Presentation on theme: "DEFERRED ACTION FOR CHILDHOOD ARRIVALS DACA or “Dream Act” Michael Feltman Immigration Attorney."— Presentation transcript:
DEFERRED ACTION FOR CHILDHOOD ARRIVALS DACA or “Dream Act” Michael Feltman Immigration Attorney
What is Deferred Action for Childhood Arrivals? It is an Executive Order. It is an announcement by the President and it is being implemented by DHS through USCIS. It is not a path to residency or citizenship. This is not amnesty. Approved applicants will be issued an EAD (work permit). Applicants will not get a “green card” or be able to petition for family members. “Deferred Action” is a discretionary act of DHS not to prosecute or deport an alien. It is “an act of administrative choice to give some cases lower priority and is in no way an entitlement…” THIS IS NOT A LAW
What are the Requirements? Were under the age of 31 as of June 15, 2012; Came to the United States before reaching your 16th birthday; Have continuously resided in the United States since June 15, 2007, up to the present time; Were physically present in the United States on June 15, 2012, and at the time of making your request for consideration of deferred action with USCIS Entered without inspection before June 15, 2012, or your lawful immigration status expired as of June 15, 2012; Are currently in school, have graduated or obtained a certificate of completion from high school, have obtained a general education development (GED) certificate, or are an honorably discharged veteran of the Coast Guard or Armed Forces of the United States; and Have not been convicted of a felony, significant misdemeanor, three or more other misdemeanors, and do not otherwise pose a threat to national security or public safety. Applicants will have to prove they meet the requirements by submitting documentation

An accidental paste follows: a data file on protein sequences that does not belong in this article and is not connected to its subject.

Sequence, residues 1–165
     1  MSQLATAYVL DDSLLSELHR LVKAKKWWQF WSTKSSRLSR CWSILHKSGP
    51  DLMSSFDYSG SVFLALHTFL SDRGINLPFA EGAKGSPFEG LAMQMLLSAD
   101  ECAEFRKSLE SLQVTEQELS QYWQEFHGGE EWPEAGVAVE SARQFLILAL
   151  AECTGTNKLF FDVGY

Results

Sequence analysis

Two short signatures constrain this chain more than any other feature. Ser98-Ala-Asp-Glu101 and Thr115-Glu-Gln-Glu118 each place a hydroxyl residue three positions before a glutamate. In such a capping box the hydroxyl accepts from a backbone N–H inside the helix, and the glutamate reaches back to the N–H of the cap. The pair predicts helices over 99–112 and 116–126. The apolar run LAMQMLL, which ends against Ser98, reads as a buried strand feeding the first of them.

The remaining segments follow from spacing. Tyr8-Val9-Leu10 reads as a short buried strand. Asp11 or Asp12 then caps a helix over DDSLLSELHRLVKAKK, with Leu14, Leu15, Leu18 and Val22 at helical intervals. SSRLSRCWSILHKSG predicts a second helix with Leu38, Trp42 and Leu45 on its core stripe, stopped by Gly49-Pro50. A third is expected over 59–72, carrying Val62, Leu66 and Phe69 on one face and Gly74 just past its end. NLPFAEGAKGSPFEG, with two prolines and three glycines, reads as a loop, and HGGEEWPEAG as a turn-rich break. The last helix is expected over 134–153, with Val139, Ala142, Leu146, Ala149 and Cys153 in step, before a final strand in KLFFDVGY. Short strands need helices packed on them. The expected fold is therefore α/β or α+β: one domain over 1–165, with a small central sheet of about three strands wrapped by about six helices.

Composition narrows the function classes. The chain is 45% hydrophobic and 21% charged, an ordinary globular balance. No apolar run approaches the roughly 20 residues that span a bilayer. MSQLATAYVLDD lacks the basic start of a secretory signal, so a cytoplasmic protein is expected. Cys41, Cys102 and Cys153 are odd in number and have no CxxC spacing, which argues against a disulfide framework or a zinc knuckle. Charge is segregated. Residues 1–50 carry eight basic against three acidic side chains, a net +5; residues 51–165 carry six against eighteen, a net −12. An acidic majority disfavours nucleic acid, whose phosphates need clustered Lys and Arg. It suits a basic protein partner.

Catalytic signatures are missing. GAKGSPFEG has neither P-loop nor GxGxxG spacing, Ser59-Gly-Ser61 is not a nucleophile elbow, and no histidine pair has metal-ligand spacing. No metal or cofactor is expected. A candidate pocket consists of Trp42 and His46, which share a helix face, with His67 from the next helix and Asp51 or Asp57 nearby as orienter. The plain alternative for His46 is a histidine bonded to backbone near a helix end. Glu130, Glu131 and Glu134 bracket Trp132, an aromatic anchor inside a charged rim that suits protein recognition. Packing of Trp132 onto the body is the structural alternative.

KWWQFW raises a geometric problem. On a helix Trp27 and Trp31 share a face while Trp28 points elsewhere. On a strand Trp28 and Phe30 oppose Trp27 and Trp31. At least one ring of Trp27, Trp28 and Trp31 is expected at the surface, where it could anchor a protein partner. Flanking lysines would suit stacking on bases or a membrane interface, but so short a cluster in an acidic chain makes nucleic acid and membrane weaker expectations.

Benefits? Two year work permit with potential for renewal You can apply for a social security number You can possibly obtain a driver’s license – KS update Can continue your education Live without daily fear
FAQs What documents do kids need for DACA? Do they really need ALL of their school records? A former/current student asked me to write a letter for them. What should I write? Why are so many people “illegal”? Why doesn’t the legal family member doesn’t just petition for them? Other people get their residency that way all the time? Do they really have to go back to Mexico to “fix their papers”? What’s a waiver and why do so many people need them? Is there help for immigrants who are victims of domestic violence or other crimes?
QUESTIONS Feltman Law Firm 312 W Wyatt Earp Blvd Dodge City, KS 620-225-1300 Thank you for your time!